When I think of Africa, I think of children. No other continent is as recognizable by the images of its children. We see everywhere the beautiful faces of African children at their best—and at their most broken. Sweet smiles. Bright eyes. Swollen bellies. Runny noses. Most often we see their faces in connection with their need. Their hunger. Their desperation.
Our natural response is to give.
The images of starvation and the remnants of the AIDS pandemic leave our minds staggering beneath unfathomable statistics. The immature faces of boys and girls left in the chaos. The confusion. The quiet cry of a younger generation born into upheaval.
Our natural response is despair.
I think of children when I think of Africa because I came to Africa as a child. My earliest memories were shaped within the deep rain forest of Africa, surrounded by its intense beauty. I shaped my life and view of Africa at the advent of AIDS and into the wake of sweeping coups that ravaged millions in Somalia, Zaire, And Rwanda.
My natural response was love.
My parents worked tirelessly as pioneer missionaries, planting churches and sharing the good news with every ear willing to listen. And many of those ears where children's—little boys and girls who could have been making slingshots and jumping in rivers found themselves enamored with the stories of the man on the flannel board. They took crayons in hand and began to paint a picture of their lives in the stories of the Bible.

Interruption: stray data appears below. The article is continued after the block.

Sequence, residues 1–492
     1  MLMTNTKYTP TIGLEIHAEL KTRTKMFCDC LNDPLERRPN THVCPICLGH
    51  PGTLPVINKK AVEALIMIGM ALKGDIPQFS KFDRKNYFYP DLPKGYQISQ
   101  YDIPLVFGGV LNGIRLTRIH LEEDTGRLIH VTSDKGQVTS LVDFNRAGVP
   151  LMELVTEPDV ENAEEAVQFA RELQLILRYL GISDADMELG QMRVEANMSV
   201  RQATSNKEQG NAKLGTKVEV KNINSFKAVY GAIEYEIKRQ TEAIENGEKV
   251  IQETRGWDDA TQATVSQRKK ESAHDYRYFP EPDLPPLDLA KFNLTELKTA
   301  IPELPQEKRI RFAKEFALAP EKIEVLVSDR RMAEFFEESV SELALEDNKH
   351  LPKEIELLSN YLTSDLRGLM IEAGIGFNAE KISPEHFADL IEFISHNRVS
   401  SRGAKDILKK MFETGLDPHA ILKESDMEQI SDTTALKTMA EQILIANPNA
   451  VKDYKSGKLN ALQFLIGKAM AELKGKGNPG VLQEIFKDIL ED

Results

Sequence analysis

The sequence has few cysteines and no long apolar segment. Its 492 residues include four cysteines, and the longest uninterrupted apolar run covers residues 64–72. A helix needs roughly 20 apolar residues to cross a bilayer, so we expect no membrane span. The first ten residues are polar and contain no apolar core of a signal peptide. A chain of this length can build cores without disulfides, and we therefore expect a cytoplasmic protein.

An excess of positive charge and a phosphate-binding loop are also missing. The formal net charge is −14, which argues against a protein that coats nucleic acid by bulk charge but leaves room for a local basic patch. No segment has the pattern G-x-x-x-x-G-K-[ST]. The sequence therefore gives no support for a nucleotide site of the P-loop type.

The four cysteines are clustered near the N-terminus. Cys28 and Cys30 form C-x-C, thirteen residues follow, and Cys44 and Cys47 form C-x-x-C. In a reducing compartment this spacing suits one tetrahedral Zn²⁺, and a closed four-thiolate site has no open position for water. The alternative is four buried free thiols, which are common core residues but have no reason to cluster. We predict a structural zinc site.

Their natural response was hope.
Now, decades later, those children are leading their families in Christ, planting new churches in more distant villages, and sending missionaries to unreached peoples. I have the privilege to work with them in the mission of God: African children bringing Jesus to the nations. And that truth resonates in my heart when I think of Africa, because when I think of Africa, I think of children, and when I think of children, I think of Jesus.
Millions of African children are still waiting. The images we see may be of malnutrition or human trafficking. The children we see may be staring at us with stained faces and glassy eyes because of the increasing horror of extremism. The pictures may be of broken smiles, but when we look at those pictures, what will we see? What will we allow ourselves to feel?
What will our natural response be?
Today we have the faith to see an increasingly redeemed and transformed Africa, and that will not happen without children. When we think of Africa, let us think of children—not in their need, but their deep well of potential. We have the privilege to dream over their young lives a preferred future, an eternal hope, an everlasting joy.
The children of Africa have within their small frames the potential to transform the world and carry the gospel to all nations. Today, we have the opportunity to help them do it.
What will our response be?